I thought I’d begin a series of posts about books that have influenced me, so I’m going to start with Iain M. Banks’ Consider Phlebas, his first science fiction novel which came out in 1984 after he’d established himself as a reputed literary author with classics such as The Wasp Factory, Walking on Glass and The Bridge.
A space opera with fast paced action, I was blown away by the scope and ideas of this novel. Although I didn’t think about it much at the time when I first read it (early 1990s) it is one of the first new wave space operas that bridged the gap between old style science fiction where computers were isolated machines that couldn’t do much more than a human could, such as those in a Larry Niven or Isaac Asimov novel, and the cyberpunk movement that exploded out of the 1980s where the whole genre became a playground for ‘grey’ characters, flawed and morally ambiguous characters, as opposed to easily defined good guys and bad guys of the past.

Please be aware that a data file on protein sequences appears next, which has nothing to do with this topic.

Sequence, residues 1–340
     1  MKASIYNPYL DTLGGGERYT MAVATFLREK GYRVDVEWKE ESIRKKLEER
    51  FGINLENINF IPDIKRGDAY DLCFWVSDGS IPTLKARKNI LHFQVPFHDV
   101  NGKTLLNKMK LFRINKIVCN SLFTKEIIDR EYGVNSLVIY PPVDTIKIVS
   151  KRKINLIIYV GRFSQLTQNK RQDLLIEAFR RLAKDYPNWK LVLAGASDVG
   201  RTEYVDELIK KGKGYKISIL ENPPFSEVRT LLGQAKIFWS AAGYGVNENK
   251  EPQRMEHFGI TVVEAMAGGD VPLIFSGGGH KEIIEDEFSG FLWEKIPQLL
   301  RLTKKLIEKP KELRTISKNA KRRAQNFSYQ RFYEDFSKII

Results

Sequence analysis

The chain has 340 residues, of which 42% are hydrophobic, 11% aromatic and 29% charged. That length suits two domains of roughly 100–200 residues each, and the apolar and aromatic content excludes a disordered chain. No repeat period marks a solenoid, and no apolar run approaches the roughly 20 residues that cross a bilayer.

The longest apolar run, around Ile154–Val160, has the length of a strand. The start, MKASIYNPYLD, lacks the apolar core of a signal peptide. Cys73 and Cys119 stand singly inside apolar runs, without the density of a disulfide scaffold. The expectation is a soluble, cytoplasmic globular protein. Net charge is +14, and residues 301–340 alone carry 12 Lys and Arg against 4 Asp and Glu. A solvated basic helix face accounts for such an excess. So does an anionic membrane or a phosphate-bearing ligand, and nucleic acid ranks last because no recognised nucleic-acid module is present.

I was drawn by the elegant writing style, the detailed characters especially the protagonist Bora Horza Gobuchul who tries to do the right thing by everyone all the time, but just keeps making a mess of everything he touches, and the rich detail of artificial worlds and bizarre cultures and alien species.
Horza is on a mission during war time, when conflict ravages the entire galaxy reminding me of Star Wars, but in a setting that felt so much more realistic and based more squarely on hard science. I was also drawn by Banks’ most famous contribution to the science fiction canon, the Culture, a vast interstellar utopian society where there are no rules and anything anyone wants is possible, and yet an society that felt compelled to meddle with the affairs of governments and species less civilised than their own.
Banks went on to explore this same setting in future novels such as The Player of Games, Use of Weapons, Excession, Matter and others. I’ve read the entire series but I’ve always been drawn back to Consider Phlebas, partially because it was the first one I read, but mostly because of its vision. It is one of the great space opera novels of the Twentieth Century.